Deciphering Food Labels.


I made a lasagne the other day. No biggie. Pain in the ass really, but worth the labour for the end result. Anyway, after we ate it, I started to sort out the bomb site that you kitchen becomes after making lasagne, when I noticed something on the box of pasta sheets.


And straight away, I knew that I was going to hell for trying to poison my family. I asked everyone how they felt and was reliably told that they felt full. It has been a week now, and apart from attitude by the bucket loads, nobody fell ill.

So here is the skinny on these labels and warnings that I have learnt since, proudly stolen from the NSW Food Authority Website.

‘use-by’: foods must be eaten or thrown away by the date

  • After this date foods may be unsafe to eat even if they look fine, because the nutrients in the food may become unstable or a build-up of bacteria may occur.
  • It is illegal to sell foods after a ‘use-by’ date.
  • Common ‘use-by’ foods include milk, sliced ham, and shaved meats.

‘best before’: foods are still safe to eat after the date as long as they are not damaged, deteriorated or perished

  • The ‘best before’ date simply indicates that the product may lose some of its quality after this date passes
  • Foods can be legally sold after a ‘best before’ date as long as they are not damaged, deteriorated or perished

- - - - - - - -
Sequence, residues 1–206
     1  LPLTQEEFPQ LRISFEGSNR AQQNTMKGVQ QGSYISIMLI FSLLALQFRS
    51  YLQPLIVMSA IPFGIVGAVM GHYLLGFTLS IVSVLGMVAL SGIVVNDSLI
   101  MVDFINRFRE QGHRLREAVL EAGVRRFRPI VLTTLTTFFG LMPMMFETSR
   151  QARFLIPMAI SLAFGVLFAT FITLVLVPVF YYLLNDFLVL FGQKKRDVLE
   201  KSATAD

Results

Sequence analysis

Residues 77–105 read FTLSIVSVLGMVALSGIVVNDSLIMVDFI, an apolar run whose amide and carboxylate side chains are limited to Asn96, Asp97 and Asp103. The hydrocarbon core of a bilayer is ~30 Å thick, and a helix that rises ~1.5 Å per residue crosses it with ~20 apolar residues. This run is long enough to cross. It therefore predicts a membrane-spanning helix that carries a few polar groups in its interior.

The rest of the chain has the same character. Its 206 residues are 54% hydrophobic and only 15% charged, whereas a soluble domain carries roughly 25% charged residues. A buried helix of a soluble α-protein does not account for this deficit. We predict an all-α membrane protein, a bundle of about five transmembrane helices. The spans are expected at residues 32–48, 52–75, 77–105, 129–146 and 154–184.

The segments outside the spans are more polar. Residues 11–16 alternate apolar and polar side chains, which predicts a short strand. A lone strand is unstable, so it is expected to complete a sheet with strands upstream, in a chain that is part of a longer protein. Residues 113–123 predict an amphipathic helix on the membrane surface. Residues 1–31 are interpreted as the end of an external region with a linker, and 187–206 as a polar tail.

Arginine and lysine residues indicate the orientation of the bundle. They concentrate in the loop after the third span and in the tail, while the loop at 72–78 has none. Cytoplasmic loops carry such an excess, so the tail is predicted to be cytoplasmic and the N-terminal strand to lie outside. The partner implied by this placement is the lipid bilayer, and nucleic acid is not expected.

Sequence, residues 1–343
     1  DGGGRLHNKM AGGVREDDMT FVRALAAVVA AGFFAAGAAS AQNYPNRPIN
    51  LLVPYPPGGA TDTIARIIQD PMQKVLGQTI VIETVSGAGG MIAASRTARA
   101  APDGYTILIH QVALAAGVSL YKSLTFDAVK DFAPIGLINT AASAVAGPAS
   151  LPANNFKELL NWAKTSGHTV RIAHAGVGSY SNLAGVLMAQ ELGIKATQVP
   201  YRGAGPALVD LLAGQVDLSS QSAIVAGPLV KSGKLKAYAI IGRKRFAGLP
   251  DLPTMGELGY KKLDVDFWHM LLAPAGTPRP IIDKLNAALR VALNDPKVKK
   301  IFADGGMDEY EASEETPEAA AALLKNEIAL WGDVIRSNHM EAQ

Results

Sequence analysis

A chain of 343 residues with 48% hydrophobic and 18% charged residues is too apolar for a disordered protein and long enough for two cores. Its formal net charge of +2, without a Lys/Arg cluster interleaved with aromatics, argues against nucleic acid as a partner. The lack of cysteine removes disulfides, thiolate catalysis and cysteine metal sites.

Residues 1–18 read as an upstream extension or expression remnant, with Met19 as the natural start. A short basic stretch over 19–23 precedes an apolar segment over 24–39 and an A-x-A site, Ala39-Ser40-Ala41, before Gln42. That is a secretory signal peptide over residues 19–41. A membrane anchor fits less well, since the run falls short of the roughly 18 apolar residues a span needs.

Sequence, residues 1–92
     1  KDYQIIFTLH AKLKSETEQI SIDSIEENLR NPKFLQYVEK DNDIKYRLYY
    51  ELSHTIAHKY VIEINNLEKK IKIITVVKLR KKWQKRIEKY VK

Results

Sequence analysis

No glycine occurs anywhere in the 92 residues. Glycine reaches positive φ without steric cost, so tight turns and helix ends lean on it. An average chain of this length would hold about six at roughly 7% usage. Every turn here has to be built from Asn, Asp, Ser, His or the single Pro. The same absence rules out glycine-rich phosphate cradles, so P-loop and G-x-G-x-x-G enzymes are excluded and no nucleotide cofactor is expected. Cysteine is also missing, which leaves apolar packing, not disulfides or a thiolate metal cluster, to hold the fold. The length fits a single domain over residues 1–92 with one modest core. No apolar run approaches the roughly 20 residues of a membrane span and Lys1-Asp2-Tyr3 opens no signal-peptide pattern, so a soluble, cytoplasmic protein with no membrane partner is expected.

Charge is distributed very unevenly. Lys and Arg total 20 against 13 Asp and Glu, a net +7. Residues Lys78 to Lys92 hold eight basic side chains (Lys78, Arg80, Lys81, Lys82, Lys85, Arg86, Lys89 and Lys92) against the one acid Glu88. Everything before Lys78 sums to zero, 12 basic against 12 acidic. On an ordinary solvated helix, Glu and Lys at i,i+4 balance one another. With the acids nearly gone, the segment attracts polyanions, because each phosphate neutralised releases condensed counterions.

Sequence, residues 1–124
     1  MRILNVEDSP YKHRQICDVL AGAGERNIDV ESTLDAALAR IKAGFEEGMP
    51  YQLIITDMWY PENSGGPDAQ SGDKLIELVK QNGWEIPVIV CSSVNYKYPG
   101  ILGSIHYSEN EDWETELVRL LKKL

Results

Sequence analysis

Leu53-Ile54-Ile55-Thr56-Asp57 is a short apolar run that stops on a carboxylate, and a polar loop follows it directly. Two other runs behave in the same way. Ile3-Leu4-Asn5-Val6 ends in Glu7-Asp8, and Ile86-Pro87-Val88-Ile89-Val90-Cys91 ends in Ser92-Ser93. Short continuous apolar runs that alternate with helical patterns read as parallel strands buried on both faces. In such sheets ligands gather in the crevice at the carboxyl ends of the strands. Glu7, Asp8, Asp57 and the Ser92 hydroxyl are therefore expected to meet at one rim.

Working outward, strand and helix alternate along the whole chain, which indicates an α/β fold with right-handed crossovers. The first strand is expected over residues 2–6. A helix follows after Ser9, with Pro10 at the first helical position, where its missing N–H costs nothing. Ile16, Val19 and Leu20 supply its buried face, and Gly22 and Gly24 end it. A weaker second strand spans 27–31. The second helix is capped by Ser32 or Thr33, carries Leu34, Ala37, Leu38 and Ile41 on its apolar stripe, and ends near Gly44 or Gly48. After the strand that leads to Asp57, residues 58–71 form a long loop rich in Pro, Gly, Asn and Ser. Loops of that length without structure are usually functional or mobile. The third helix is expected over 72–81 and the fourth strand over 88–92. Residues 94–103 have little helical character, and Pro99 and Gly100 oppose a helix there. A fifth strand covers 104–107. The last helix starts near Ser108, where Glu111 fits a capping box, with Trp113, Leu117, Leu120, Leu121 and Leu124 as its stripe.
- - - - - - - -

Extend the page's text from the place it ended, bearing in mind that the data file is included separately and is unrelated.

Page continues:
• You can expect these foods to retain their colour, taste, texture and flavour as long as they are stored correctly
  • Common ‘best before’ foods include canned foods, cereals, biscuits, sauces, chocolate, sugar, flour and frozen foods

Speaking of DETERIORATED, I shall tell you a yarn from my youth.

I was about 12, away from home at boarding school. Once a week, we were able to go to Franklins with $2, which we were given. The deal was, you needed to be wise with your coin, to stretch it to the maximum capacity. I would often buy a packet of no-frills bullets, a fresh cob of corn because I am strange like that, and a chocolate bar.

The one day in question, I selected a CRUCH bar after much deliberation. The Chokito was calling to me, but the Crunch won out in the end. Anyway, I got back to the boarding house, ripped open the Crunch Bar and got stuck into it like a slobbering, ravenous animal.

It was not until I was about half way through that I noticed my Crunch Bar was moving. On closer inspection, I realised that the rice bubbles in the chocolate was infested with maggots.

This bar would come under the label of DETERIORATED.

After I recovered from the horror that I had eaten maggots, my feelings turned to those of OUTRAGE! I had spent 60 precious cents on a putrid, inedible chocolate bar. I quickly wrote an OUTRAGED letter to Nestle, getting the address off the side of the packet, and sent it off to them with the maggoty chocolate bar as evidence.

And then I promptly forgot all about it becasue my thoughts were too busy filled with how I was going to get River Pheonix to marry me.

So you could imagine my surprise when a few weeks later, a large box was delivered to me from Nestle. It contained every single chocolate bar they made. I immediately placed a 200% mark up on the products and made a small fortune selling them to the other girls, which was then spent back down at Franklins.

In conclusion, I look back at that as an exercise in risk, blackmail, knowing the market well, and of course luck.

And you got to suck some maggots to gain great rewards.

Have you ever eaten something at a food court that you know is going to come back to haunt you?

What is the most Out of Date product in your cupboard right now?

Go on, I will wait…..